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New Fed Stimulus: Mortgage Bonds and Treasuries on the Shopping List

Driving home rationale for its decision to intervene with new initiatives to help the U.S. economy get back on track, the ""Federal Reserve"":http://www.federalreserve.gov on Wednesday reiterated the painful truth many Americans are living with every day.


""[E]conomic growth remains slow…the unemployment rate remains elevated…and the housing sector remains depressed,"" the Fed ""said in a statement"":http://www.federalreserve.gov/newsevents/press/monetary/20110921a.htm released after wrapping up its two-day policy meeting.

With these, among other downside risks, holding back the economic recovery, the Federal Reserve says it will begin reinvesting its money into mortgage-backed securities issued by Fannie Mae and Freddie Mac, and it will purchase another $400 billion in Treasury bonds.

The Federal Reserve faced pressure from both sides of the argument on whether to act or not act.

Investors were looking for new policy measures to stimulate the stalled economy, while Republican members of Congress began lobbying just days before the Fed’s meeting for the U.S. central bank to abstain from taking


additional actions and let the markets make a go of self-correction. Investors won this round.

The Fed enacted what’s been dubbed “Operation Twist.” To help support conditions in the mortgage market, the central bank will now reinvest principal payments from its holdings of GSE debt and mortgage-backed securities back into new mortgage bonds issued by Fannie Mae and Freddie Mac.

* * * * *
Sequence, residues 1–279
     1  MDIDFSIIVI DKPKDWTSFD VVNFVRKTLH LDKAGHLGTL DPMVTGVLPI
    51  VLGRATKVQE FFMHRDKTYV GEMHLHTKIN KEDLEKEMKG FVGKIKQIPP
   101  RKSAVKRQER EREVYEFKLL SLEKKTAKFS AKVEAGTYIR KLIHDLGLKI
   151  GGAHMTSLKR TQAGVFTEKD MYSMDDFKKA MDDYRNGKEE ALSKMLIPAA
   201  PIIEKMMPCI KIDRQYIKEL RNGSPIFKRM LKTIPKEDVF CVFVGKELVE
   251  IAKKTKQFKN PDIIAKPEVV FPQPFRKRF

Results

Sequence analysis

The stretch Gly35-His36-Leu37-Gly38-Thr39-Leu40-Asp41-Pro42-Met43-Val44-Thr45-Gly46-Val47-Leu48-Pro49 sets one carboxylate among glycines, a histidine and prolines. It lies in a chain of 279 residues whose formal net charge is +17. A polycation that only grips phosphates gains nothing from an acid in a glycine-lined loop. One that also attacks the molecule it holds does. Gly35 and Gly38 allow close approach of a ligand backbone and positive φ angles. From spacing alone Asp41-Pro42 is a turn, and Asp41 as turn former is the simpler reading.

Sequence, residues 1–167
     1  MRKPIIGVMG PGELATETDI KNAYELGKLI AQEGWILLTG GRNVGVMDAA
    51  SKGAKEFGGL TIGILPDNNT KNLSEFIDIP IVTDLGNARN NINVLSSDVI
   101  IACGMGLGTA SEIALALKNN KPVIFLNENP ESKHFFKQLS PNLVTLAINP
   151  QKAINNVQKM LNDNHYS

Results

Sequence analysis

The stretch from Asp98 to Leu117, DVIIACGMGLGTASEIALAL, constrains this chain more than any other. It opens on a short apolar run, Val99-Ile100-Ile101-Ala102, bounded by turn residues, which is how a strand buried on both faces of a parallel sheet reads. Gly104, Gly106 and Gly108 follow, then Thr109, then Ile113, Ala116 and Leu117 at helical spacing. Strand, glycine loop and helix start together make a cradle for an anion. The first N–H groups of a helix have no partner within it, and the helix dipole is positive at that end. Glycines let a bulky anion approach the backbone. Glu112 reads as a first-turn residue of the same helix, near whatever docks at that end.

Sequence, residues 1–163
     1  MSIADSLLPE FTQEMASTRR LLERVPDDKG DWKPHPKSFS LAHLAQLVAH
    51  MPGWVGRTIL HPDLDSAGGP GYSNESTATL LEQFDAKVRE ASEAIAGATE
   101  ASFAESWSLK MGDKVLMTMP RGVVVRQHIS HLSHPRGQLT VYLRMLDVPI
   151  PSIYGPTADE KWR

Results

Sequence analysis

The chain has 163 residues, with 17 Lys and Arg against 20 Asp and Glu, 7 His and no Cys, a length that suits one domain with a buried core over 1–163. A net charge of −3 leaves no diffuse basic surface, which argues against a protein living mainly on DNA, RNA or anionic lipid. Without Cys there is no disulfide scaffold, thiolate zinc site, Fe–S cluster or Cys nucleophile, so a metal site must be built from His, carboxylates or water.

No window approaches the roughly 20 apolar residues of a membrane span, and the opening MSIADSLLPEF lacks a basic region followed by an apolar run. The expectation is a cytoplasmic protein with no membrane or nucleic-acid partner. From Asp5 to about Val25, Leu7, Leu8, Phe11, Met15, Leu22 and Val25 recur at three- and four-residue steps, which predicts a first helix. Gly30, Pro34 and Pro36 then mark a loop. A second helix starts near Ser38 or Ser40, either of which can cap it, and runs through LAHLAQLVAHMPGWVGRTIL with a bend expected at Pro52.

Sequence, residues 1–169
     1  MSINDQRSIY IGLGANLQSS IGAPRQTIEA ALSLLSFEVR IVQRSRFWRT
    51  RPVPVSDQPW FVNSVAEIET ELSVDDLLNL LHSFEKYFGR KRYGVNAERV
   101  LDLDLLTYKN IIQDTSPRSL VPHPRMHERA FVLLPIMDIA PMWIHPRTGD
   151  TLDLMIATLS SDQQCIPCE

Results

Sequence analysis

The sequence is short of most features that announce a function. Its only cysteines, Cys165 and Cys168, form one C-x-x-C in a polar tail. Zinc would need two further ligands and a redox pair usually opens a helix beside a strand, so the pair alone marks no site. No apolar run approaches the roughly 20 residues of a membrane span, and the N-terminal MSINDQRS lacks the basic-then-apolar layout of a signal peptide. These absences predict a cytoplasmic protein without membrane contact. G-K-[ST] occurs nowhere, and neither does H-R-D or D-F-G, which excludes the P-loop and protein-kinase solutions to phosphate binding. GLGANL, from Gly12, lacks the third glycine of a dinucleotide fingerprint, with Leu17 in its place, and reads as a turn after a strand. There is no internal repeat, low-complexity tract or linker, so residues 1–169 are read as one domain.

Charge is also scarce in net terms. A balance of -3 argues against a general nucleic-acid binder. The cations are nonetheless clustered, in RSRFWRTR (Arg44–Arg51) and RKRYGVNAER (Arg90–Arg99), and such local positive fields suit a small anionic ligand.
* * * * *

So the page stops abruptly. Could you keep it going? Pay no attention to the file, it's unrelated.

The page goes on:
The central bank also decided to extend the average maturity of its holdings of Treasury bonds. It intends to purchase $400 billion of Treasury securities by the end of June 2012 with remaining maturities of 6 years to 30 years, and to sell an equal amount of Treasury securities with remaining maturities of 3 years or less.

The Fed says this program “should put downward pressure on longer-term interest rates and help make broader financial conditions more accommodative.”

This downward pressure is expected to extend to mortgage interest rates, but most industry experts say the Fed has missed the mark for any meaningful stimulation for the housing and mortgage markets.

With mortgage rates already at record lows, analysts, economists, and professionals in the mortgage and real estate industries agree the real problem lies in boosting consumer confidence and demand for property ownership.

Three committee members â€" Richard Fisher, Narayana Kocherlakota, and Charles Plosser â€" voted against the new monetary policy action on the grounds they do not believe additional policy accommodation is needed at this time.

The Fed also reiterated that it will continue to hold the target range for the federal funds rate at 0 to 0.25 percent, and will likely keep it there at least through mid-2013.

About Author: Carrie Bay

Carrie Bay is a freelance writer for DS News and its sister publication MReport. She served as online editor for DSNews.com from 2008 through 2011. Prior to joining DS News and the Five Star organization, she managed public relations, marketing, and media relations initiatives for several B2B companies in the financial services, technology, and telecommunications industries. She also wrote for retail and nonprofit organizations upon graduating from Texas A&M University with degrees in journalism and English.

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